Oracle Scratchpad

September 2, 2007

Hit ratios

Filed under: Performance,Ratios,Troubleshooting — Jonathan Lewis @ 12:41 pm BST Sep 2,2007

A recent post on asked the question “why does v$sysstat give you a different hit ratio from v$buffer_pool_statistics even when you have just one buffer pool for the instance”.

The largest part of the answer is because very few people have bothered to think carefully about what the “buffer cache hit ratio” means, and which statistics are relevant. If you are running 10g, though, you get a few clues about some of the issues involved.

Here are a couple of queries, with slightly cleaned results, that I recently ran on a small system with just a default cache:

	name, value
where	name in (
		'physical reads',
		'consistent gets',
		'db block gets'

NAME                                          VALUE
-------------------------                ----------
db block gets                               3104855
consistent gets                            15555613
physical reads                               251889      


------------- --------------- --------------
      3102999        15552012         246481

With these statistics (which are the ones typically used in the formula for the buffer cache hit ratio) you’re going to get slightly different results from the two views. 

But take a closer look at the full range of statistics in v$systat, and change your query to this:

	name, value
where	name in (
		'consistent gets from cache',
		'db block gets from cache',
		'physical reads cache'

NAME                                          VALUE
---------------------------------------- ----------
db block gets from cache                    3102999
consistent gets from cache                 15552012
physical reads cache                         246480

Suddenly we have a good match (with a tiny error in this case on physical reads). It always helps to be looking at the right figures when making comparisons.

I think there are still likely to be odd cases where you find relatively small differences between the figures you get from v$sysstat and v$buffer_pool_statistics. Amongst other things, it’s likely that the system statistics are subject to latch-free updates – which means lost updates are inevitable.

By the way – just because I’ve explained an oddity with calculating the buffer cache hit ratio that shouldn’t be taken as an indication of approval for the metric – it’s a fairly pointless indicator for monitoring purposes and I don’t think I’ve ever seen a single formula that gets it right anyway.  But that’s a topic for another day.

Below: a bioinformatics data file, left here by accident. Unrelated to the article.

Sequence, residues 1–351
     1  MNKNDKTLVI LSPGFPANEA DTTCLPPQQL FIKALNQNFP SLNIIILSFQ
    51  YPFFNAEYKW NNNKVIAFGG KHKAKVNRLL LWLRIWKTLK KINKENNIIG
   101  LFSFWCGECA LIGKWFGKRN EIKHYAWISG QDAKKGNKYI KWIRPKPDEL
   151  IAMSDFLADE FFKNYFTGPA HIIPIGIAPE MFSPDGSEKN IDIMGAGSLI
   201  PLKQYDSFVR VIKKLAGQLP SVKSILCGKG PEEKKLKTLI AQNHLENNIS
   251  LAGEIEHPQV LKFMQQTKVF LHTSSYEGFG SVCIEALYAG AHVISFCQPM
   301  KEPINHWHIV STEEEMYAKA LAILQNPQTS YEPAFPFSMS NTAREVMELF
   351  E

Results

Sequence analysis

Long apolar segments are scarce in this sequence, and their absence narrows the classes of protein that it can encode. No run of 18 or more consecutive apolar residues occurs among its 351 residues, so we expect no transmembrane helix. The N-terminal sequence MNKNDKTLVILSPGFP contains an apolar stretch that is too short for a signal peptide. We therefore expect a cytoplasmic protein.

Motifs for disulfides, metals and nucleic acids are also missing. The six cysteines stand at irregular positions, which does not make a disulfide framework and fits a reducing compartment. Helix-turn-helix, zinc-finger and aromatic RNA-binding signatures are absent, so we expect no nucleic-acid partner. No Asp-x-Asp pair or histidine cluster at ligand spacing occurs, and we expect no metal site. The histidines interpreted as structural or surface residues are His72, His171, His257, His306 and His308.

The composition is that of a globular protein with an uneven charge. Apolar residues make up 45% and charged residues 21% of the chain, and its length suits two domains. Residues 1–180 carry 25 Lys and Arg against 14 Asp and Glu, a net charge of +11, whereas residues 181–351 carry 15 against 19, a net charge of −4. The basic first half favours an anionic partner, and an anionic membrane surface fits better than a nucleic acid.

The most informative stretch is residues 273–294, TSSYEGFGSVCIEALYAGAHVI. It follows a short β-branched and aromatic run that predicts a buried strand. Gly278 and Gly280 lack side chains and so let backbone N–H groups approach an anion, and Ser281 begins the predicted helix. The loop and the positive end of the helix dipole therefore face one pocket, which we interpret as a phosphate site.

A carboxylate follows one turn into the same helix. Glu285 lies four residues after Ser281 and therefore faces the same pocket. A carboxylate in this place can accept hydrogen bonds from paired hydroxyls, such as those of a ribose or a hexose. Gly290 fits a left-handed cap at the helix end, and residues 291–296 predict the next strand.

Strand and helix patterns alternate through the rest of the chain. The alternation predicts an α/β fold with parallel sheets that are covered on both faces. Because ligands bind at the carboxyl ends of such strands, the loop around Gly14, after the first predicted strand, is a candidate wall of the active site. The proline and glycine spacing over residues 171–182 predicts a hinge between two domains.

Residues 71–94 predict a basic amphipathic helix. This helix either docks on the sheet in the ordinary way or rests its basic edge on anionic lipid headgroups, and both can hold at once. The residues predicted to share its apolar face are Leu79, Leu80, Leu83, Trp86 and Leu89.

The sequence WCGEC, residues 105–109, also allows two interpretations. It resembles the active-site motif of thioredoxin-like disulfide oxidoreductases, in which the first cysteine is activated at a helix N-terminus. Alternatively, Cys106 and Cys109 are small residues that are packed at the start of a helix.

[Further reading on ratios]



  1. will you please post some reasons about why buffer cache hit ratio is pointless? I know it is and you know it is but I have some coworkers that STILL blindly swear by it. They wont listen to me or read much in the way of documentation – maybe if it comes from an official source :D

    Comment by neil — September 2, 2007 @ 3:43 pm BST Sep 2,2007 | Reply

  2. Neil, they should have read a paper by Cary Millsap:

    Comment by Alex Fatkulin — September 2, 2007 @ 7:25 pm BST Sep 2,2007 | Reply

  3. Neil, I’m planning to write a short note in the next two or three days.

    Comment by Jonathan Lewis — September 2, 2007 @ 8:25 pm BST Sep 2,2007 | Reply

  4. I think it’s worth to add that in 10g there is a view v$sysmetric from which you could obtain several ‘hit ratios’ and other performance parameters.

    Comment by Szymon Skorupinski — September 5, 2007 @ 1:16 pm BST Sep 5,2007 | Reply

  5. […] This is often to warn you about checking underlying figures before jumping to conclusions about “hit ratios”, sometimes it’s to remind you that while the Top 5 Timed Events might say some average looks […]

    Pingback by AW-argh | Oracle Scratchpad — September 5, 2020 @ 8:45 pm BST Sep 5,2020 | Reply

RSS feed for comments on this post. TrackBack URI

Comments and related questions are welcome.

Fill in your details below or click an icon to log in: Logo

You are commenting using your account. Log Out /  Change )

Google photo

You are commenting using your Google account. Log Out /  Change )

Twitter picture

You are commenting using your Twitter account. Log Out /  Change )

Facebook photo

You are commenting using your Facebook account. Log Out /  Change )

Connecting to %s

This site uses Akismet to reduce spam. Learn how your comment data is processed.

Website Powered by